Kate joins the Young Avengers, New Avengers, and Secret Warriors in stopping Norman Osborn's siege of Asgard.[35][36][37] Unfortunately, when the Sentry levels Asgard, Kate and Patriot are trapped beneath rubble. During a doubtful moment Patriot passionately kisses Kate, which prompts her to push him away after a startled moment. Not long after, they are rescued by their friends and rejoin their group, but not before Kate tells Patriot that was a 'Hell of a kiss' with a shared smile, hinting at the start of a relationship.[38]

Avengers: The Children's Crusade[edit]

After the events of Siege, Kate is seen amongst the heroes celebrating at Avengers Tower.[39] Clint Barton later encourages her to keep the name "Hawkeye" despite returning to the mantle himself, saying that the world is big enough for two "Hawkeyes" for now.[40]

Kate appears alongside the other Young Avengers in Avengers: Children's Crusade.[41]

Kate also appears alongside the other Young Avengers in Avengers: The Children's Crusade Young Avengers, a one-shot in which the Young Avengers are grown up and are now the Avengers. It is an alternate timeline altered by Iron Lad continuing to alter the timestream to defeat Kang the Conqueror.[42]

Marvel NOW![edit]

Kate appears alongside the original Hawkeye, Clint Barton, in the new Hawkeye series, which takes place after the Avengers vs. X-Men storyline. The two co-star in the series, focusing on street-level crime instead of being superheroes (which they acknowledge is what makes each of them Hawkeye). They maintain a mentor/student relationship, although they regularly exhibit competitiveness with each other; in a mission to help Clint, she takes down and then poses as Madame Masque, who becomes bent on exacting her revenge and ultimately killing Kate.[43]

After Clint began acting increasingly aloof and hostile towards her and her attempts to help him, Kate decided to leave New York for a bit and go to Los Angeles, together with Clint's dog Lucky; however, as soon as she arrived there she learned that her father cut her off from his money, leaving her to her own devices.[44] To earn some money, Kate put an ad describing herself as half-superhero, half-private eye.[45] During her stay in L.A., she ran afoul on a criminal organization headed by Masque, and while she managed to bring it down, she learned that her father was implicated in it. Kate gave him a phone call and told him she would make him pay. She returned to New York to assist Clint in defeating the Tracksuit Mafia after they kill one of Clint's residents named Grills, with her dad secretly conspiring with other supervillains and mob bosses to put a hit on her and Clint.[46]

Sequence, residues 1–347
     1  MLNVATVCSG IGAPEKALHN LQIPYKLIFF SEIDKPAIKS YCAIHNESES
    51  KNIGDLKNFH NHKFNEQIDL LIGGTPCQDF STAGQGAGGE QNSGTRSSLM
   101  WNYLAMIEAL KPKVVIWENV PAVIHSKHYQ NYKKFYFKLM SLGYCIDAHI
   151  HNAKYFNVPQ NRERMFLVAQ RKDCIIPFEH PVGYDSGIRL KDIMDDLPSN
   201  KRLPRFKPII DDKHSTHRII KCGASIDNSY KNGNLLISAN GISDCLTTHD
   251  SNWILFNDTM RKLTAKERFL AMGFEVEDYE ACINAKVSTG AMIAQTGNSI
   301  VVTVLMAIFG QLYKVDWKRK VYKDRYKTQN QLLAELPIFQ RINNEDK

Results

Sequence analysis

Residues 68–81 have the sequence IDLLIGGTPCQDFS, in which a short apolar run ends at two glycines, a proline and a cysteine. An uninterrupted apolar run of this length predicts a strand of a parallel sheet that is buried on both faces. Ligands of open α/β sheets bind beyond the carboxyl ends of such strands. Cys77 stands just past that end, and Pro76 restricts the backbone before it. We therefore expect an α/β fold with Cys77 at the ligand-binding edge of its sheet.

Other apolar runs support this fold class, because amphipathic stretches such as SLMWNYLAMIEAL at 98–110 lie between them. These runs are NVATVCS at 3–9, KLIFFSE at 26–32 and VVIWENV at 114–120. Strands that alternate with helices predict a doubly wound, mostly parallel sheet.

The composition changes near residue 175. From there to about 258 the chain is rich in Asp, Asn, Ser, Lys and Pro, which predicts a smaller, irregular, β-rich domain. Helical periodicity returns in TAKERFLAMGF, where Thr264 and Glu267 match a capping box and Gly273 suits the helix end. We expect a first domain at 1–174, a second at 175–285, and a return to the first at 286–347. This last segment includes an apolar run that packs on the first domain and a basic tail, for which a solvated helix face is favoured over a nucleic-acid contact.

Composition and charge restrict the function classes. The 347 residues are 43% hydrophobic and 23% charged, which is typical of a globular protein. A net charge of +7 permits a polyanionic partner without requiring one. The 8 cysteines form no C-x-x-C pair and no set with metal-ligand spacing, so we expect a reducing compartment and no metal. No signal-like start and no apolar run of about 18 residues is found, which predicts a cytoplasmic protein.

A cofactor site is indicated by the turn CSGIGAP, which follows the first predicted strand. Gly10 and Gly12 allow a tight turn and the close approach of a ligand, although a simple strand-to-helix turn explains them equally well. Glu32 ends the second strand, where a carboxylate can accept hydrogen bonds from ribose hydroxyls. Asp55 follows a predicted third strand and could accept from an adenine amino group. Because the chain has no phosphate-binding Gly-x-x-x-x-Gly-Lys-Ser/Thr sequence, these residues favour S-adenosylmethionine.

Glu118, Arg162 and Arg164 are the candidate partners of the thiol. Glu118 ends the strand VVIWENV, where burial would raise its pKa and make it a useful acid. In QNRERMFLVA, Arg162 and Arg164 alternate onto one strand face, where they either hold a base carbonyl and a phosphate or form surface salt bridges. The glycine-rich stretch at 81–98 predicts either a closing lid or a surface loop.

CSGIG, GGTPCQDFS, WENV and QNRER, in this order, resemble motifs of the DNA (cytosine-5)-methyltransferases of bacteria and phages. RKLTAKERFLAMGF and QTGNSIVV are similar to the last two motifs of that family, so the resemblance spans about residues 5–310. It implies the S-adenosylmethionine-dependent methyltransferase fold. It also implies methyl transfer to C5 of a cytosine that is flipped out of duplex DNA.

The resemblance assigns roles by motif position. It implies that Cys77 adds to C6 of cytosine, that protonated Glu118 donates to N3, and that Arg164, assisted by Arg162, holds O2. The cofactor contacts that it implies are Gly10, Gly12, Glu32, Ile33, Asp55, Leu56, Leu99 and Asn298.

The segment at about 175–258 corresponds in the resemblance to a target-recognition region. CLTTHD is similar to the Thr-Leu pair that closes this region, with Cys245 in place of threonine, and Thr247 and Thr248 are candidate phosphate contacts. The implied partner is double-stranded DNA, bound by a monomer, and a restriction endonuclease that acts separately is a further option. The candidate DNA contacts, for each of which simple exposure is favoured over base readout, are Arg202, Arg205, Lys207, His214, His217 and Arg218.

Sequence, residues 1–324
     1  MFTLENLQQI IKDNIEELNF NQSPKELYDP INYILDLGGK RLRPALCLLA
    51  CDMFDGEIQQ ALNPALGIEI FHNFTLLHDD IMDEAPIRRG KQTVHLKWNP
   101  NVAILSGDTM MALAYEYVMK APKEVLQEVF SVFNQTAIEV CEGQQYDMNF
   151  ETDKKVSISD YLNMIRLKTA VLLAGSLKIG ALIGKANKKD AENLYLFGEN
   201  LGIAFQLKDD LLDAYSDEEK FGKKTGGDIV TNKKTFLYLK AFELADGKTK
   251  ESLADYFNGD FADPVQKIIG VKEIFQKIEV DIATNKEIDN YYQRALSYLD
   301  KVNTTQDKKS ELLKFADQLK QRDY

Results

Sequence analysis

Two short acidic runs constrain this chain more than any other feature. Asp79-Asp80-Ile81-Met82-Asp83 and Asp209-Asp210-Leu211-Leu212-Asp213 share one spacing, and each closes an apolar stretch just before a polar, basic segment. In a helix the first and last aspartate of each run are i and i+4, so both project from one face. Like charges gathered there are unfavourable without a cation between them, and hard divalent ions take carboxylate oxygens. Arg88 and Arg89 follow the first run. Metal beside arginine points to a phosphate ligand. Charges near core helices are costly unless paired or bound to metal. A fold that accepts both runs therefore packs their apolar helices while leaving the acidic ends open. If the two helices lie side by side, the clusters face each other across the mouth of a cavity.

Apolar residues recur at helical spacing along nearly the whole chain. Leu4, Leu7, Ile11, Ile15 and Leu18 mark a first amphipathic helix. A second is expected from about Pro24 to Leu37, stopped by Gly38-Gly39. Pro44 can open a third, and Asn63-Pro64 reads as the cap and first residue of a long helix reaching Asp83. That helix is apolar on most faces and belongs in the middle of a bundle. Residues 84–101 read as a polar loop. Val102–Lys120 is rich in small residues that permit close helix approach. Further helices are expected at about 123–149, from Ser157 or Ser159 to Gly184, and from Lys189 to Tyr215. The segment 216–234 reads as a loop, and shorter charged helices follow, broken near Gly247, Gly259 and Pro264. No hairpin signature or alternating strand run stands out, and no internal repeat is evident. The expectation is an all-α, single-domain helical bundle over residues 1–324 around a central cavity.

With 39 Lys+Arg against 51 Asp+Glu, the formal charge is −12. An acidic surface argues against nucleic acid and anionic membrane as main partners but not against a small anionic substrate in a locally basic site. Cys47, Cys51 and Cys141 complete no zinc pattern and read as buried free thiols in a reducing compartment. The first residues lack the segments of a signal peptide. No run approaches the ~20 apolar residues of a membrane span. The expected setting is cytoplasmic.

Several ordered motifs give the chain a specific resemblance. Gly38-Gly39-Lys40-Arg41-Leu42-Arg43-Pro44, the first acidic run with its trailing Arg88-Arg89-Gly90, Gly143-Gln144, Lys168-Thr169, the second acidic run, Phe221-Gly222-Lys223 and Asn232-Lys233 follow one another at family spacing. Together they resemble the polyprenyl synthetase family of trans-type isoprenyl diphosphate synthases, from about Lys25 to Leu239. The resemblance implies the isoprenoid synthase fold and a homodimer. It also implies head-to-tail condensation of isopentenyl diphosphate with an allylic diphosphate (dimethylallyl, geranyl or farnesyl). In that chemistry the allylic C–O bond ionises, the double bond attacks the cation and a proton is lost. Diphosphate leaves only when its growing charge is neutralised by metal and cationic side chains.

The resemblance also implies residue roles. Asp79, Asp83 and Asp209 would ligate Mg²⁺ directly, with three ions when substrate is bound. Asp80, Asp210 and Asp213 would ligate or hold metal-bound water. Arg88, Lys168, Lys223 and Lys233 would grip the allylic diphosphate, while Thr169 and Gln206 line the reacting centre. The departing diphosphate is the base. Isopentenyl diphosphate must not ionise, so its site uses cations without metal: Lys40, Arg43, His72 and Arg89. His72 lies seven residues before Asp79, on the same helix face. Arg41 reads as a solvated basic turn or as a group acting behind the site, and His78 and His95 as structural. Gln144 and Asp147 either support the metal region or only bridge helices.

As part of the "All-New, All-Different Marvel", Kate Bishop was at Hawkeye's house at the time when Old Man Logan showed up.[47] After explaining who he was and eventually passing out on Hawkeye's couch, Logan woke up 33 hours later. After learning that Logan was looking for Mysterio, Kate Bishop looked up his last known whereabouts on S.H.I.E.L.D.'s database and demanded to come with Logan as he investigated. When they arrived, they found a man named Eddie and his unnamed partner there. Logan immediately attacked them cutting off one man's hand despite them denying that they knew who Mysterio was. A horrified Kate Bishop tried to stop him, but Logan quickly neutralized her as the two men escaped.[48]

Kate later fought against the Secret Empire. A powerless Cassandra Lang tries to help and is nearly killed in the process.[49]

In the All-New Hawkeye books, Kate and Clint retrieve Project Communion from Hydra, which turns out to be three innocent kids turned into powerful, psionic Inhumans from the Terrigen Mists. They don't trust S.H.I.E.L.D. with them, so they rescue the kids from S.H.I.E.L.D. and have them live in Barton's apartment, until Hydra tracks their location. When Clint deems the children too dangerous to hold, they reluctantly hand them over to Hydra. Kate's trust in Clint is shaken, and she starts operating solo for a short time while re-evaluating her life and relationship with Clint. Clint eventually helps her come up with a plan to rescue the children from Hydra and fake Project Communion's deaths in front of S.H.I.E.L.D. to keep Maria Hill away. They have the kids stay with Barney while Clint contacts the Avengers to get a good security system for them. Kate tells Clint she still wants to be a solo hero for a while in order to be herself, as she's idolized Clint for so long and used the Hawkeye identity to avoid becoming like her dad, but is ready to become her own person. The series also explores Kate's childhood, where she initially idolized her father and wanted to be like him, but after learning about his criminal activities, decides that it's best if she doesn't know what he does while he doesn't know what she does. This is realized after Kate was abducted by one of her dad's rival gangs, and she was rescued by Hawkeye and the Avengers, which inspired her to become a hero in the future.[50]